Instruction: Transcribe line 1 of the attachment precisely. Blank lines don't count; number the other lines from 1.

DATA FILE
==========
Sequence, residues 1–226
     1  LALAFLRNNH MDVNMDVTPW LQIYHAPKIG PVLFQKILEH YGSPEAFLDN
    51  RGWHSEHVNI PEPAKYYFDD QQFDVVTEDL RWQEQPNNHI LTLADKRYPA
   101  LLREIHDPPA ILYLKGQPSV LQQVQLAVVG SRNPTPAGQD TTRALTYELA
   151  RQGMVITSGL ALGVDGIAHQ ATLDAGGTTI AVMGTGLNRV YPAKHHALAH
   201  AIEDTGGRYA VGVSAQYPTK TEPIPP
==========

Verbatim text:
Sequence, residues 1–226